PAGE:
Creating long term value and competitive advantage in the life sciences industry requires companies to maintain a constant flow of innovative drugs into the market. Discovering and bringing a new drug to market can cost hundreds of millions of dollars and take a decade or more of research and development. Although the industry has been able to increase the number of new chemical entities (NCEs) that may have therapeutic value the vast majority (70-90%) fail Food and Drug Administration (FDA) test requirements for safety and efficacy. And many of these failures are not identified until the later, more costly phase of clinical human trials making drug discovery a very expensive trial and error process. I believe life sciences companies can use business intelligence and information management technologies to reduce the time and cost needed to identify and select chemical compounds with the greatest therapeutic potential and commercial value.
Drug discovery begins with scientists identifying cellular and genetic factors called biomarkers that play a role in specific diseases. Unfortunately at many life sciences companies well funded divisions and functions make their own IT decisions, resulting in inconsistent processes, redundant systems and fragmented data. Data warehousing and business intelligence technology can help life sciences companies increase productivity in the drug discovery process through improved accessibility and collaboration across divisions and functions.
Furthermore, information about biomarkers resides both inside the corporate boundaries and in external sources such as academic and government research. Although tools like the Basic Local Alignment Search Tool (BLAST) are freely available in the public domain to facilitate analysis of gene bank databases, I believe life science companies can increase productivity in finding relevant information from unstructured sources such as documents, email, medical literature, and patent registrations through the use of search, text mining, semantic technologies and content management systems.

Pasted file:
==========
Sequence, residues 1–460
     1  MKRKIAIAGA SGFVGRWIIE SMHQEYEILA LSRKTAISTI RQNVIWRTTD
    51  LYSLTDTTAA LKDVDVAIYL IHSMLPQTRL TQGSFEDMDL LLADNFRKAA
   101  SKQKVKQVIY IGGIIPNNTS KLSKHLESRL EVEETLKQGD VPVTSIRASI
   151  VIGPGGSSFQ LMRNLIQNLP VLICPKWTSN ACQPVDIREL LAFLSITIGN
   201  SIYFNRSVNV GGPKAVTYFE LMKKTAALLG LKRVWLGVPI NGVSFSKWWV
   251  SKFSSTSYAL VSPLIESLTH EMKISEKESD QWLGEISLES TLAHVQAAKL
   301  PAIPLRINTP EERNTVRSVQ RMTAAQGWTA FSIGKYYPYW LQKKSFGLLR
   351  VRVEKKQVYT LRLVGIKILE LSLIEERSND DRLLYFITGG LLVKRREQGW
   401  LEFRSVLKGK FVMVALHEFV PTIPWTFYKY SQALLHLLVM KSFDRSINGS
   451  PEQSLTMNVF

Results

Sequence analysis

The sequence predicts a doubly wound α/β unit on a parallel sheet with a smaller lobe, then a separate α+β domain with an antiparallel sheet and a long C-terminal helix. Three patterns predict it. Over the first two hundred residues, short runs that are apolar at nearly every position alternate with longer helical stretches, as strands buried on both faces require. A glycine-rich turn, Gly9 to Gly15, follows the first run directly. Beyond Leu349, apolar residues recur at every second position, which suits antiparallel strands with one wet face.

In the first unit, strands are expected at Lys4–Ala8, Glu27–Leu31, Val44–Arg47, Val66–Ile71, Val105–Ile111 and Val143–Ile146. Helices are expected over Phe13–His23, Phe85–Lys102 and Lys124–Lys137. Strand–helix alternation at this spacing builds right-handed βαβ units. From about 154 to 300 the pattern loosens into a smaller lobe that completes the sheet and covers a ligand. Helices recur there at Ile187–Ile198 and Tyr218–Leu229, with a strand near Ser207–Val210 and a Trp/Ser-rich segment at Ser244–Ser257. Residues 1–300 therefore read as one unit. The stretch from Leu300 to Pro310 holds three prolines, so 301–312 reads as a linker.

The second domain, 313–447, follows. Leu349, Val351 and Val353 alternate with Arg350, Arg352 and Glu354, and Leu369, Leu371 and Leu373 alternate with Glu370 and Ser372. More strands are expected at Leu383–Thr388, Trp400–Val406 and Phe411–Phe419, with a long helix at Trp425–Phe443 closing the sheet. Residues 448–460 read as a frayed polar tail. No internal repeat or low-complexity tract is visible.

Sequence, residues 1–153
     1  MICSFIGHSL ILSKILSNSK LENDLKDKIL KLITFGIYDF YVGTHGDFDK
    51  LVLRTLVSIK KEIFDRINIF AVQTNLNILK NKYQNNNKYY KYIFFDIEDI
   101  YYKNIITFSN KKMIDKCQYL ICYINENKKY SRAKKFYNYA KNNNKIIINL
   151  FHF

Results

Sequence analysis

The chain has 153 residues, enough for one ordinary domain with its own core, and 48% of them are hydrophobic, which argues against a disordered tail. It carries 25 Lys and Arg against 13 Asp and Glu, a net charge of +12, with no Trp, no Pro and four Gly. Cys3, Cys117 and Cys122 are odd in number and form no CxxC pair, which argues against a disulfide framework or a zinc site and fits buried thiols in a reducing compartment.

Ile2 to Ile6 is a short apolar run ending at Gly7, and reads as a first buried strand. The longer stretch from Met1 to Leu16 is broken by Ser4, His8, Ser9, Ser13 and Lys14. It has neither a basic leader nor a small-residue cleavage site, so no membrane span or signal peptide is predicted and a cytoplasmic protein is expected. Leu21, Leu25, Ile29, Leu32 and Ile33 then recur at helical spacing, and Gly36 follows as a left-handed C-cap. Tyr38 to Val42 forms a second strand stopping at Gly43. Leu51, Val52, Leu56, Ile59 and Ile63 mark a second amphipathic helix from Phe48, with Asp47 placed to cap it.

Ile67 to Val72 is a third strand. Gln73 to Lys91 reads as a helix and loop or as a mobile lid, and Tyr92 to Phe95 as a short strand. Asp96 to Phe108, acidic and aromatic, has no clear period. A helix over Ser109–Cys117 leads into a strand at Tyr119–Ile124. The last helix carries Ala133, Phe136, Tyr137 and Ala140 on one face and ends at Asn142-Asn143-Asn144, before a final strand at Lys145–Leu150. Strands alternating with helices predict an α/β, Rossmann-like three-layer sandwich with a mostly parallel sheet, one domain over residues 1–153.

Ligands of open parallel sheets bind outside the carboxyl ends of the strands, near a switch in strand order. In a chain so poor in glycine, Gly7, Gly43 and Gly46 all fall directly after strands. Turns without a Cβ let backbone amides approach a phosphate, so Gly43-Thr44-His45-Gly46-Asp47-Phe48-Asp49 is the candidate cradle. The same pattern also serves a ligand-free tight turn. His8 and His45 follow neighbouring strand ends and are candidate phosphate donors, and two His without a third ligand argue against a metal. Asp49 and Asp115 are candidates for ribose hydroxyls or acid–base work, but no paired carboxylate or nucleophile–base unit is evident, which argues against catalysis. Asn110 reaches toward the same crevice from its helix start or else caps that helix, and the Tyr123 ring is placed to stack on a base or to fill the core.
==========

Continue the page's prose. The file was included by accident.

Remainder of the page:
The next step in drug discovery involves identification of NCEs that target biomarkers and are likely to have a therapeutic effect and selecting leading candidates for further development. In this phase large amounts of data are generated about how biomarkers react to NCEs, as well as the molecular pathways involved and mechanisms used by the NCEs to produce a therapeutic effect. I believe data mining and visualization technologies can help companies to better model the effectiveness and safety of drugs, and predict how different subsets of patients will respond to a particular treatment. This analysis helps companies decrease costly late stage failures, speed time to market and improve product quality by focusing limited development resources on NCEs with the greatest potential for success.